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Horse butt itch

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  • Horse butt itch

    Did a FEC last fall and found nothing. Still wormed for tape/bots. There are no flies yet, but she will get a little sweet itch in the summer. I can’t wash her actual butt every day because corona. Anything else I could to for my mares itchy butt tail rubbing? Or is her tail going to be another casualty of this situation?

  • #2
    If it is from sweet itch you need to treat for that.

    If it is pin worms treat for that.
    It is better to ride 5 minutes a day than it is to ride 35 minutes on a Sunday.


    • #3
      Mares will sometimes itch when their udders are dirty. Wash under there with warm water. They will also rub their tails when they are in heat. Hard to do much about that.


      • #4
        My horse itched his tail into oblivion when he was trying to relieve the tightness in his hamstrings. That only took 6 months to figure out, but now that I have, I massage regularly, have changed up his work, and there is no tail rubbing anymore.


        • #5
          Are her girlie parts dirty? Under her tail, between her legs, the udder?

          I have a mare who collects crud around where her caslicks sutures were tied, but also deep between her hind legs. I really have to dig to clean there. Thankfully, she's always grateful!


          • #6
            Originally posted by bathsheba8542 View Post
            My horse itched his tail into oblivion when he was trying to relieve the tightness in his hamstrings. That only took 6 months to figure out, but now that I have, I massage regularly, have changed up his work, and there is no tail rubbing anymore.
            I had the same thing. Adopted a horse with a tight patch of muscle in front of her SI on the left side - also tight hams and still tight to this day.

            She rubbed herself raw and no matter what I did - keeping her clean, deworming etc and she would not stop.

            Once the patch in front of her SI was released (the amazing Vicki Wilson applied liniment, plastic wrap and hot towels) do you know that mare has not rubbed ONCE - that was 2 1/2 years ago. Not once.


            • Original Poster

              Originally posted by Scribbler View Post
              Mares will sometimes itch when their udders are dirty. Wash under there with warm water. They will also rub their tails when they are in heat. Hard to do much about that.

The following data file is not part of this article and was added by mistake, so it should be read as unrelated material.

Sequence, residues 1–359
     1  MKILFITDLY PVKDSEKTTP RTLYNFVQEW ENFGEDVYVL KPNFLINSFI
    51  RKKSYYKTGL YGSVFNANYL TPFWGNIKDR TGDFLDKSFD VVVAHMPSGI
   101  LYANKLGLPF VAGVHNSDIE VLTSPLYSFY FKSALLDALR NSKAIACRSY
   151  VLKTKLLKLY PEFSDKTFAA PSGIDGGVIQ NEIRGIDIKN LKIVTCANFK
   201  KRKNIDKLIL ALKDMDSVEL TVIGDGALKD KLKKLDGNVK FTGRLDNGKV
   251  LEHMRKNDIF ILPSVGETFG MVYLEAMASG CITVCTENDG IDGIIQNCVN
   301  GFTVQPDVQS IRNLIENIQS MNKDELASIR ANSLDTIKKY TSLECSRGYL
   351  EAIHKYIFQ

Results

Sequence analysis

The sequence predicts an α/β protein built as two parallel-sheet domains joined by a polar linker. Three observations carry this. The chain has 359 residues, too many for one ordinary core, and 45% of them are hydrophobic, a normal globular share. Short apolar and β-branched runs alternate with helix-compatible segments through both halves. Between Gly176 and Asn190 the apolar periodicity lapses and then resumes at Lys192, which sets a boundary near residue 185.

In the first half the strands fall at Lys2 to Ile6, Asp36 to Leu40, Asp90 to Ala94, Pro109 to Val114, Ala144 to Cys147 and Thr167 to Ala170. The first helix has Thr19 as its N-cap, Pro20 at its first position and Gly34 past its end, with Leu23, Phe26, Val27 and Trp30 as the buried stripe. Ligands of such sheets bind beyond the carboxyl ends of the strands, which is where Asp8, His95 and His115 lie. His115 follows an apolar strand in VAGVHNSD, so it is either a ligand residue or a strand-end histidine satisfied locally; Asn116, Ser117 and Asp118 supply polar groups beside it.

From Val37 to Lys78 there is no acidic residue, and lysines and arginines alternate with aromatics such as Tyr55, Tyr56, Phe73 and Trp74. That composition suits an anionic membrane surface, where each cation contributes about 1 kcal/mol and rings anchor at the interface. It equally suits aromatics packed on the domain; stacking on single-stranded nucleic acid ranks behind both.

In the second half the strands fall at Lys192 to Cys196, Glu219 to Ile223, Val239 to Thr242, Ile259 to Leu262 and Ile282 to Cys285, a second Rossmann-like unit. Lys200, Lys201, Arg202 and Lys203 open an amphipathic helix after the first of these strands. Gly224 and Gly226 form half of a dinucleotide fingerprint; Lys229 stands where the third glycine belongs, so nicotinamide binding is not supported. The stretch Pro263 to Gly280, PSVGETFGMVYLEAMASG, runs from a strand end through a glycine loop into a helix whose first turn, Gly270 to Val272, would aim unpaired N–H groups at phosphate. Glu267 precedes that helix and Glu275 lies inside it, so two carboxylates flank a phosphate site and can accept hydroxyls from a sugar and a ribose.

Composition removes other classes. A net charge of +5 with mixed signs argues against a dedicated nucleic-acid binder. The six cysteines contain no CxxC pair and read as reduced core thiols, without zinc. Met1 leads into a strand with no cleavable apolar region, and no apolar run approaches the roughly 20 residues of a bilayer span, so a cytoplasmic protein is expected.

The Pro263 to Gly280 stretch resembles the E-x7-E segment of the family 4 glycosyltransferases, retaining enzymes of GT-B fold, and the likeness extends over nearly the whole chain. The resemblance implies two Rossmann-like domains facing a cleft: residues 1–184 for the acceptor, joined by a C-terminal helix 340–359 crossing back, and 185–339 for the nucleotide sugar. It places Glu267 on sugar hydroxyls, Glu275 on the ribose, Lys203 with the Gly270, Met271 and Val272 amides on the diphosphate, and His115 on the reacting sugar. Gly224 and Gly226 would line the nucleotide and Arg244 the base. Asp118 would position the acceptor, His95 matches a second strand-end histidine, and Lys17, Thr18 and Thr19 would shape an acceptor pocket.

She is in blazing heat as of this morning. First saw her rubbing yesterday. I think that might be the thing.


              • #8
                You might try washing the tail, both hair and bone, remove any flaky skin while wet. When dry, comb out the tangles, then oil the tail bone itself. I use mineral oil on the skin. It is a bit messy for a day or so until the excess drips off. Then keep the bone oiled every week to ten days. For us, this pretty much removes any itching of the tail. The dry skin can really get thick, itchy over winter.

                I only use plain mineral oil because there have been no skin reactions. Baby oil can contain scent, acetone, and we have had bad reactions using baby oil, so it is OFF my list of usable products. My horses do seem to enjoy the rubbing in of mineral oil, relaxing, closing their eyes. I also find if you wash or hose off a sweaty horse often, clean under the tail and getting hair and bone wet, that tailbone skin does not seem to get as dry, flakey or itchy. So that is an alternative to the oiling.


                • #9
                  PaddockWood, can you tell me more about Vicki? Can you provide a phone number? Thank you!!!


                  • #10
                    She's in New Zealand and I don't have a phone number. She was here in the states for various sore horse clinics back in 2017. Also has a Facebook page and you could message her there. I originally found a video of her (below) and then got incredibly lucky that just by a one in a million chance she was in town the next weekend for a clinic just 3.5 hrs from me. One of the most amazing weekends of my life. She did body work on some 10 horses each day and rode several too. She's passionate about teaching and helping horses.


                    • #11
                      You got me thinking about working on her hamstrings and I found this video and wonder if it will benefit others too. I'm also getting out my Jack Meagher book, "Beating Muscles Injuries" to revisit his suggestions. Went out and worked on my girl and she loved it. Leaned into the pressure and work.
                        Trigger Point Release for Horses - Assessing and Treating the Hamstrings        Semimembranosus If the limb is planted, this muscle extends the hip. If the limb is not planted, this muscle retracts, adducts and rotates the limb inward. lt originates from the first caudal vertebrae, sacrotuberal ligament, and the isch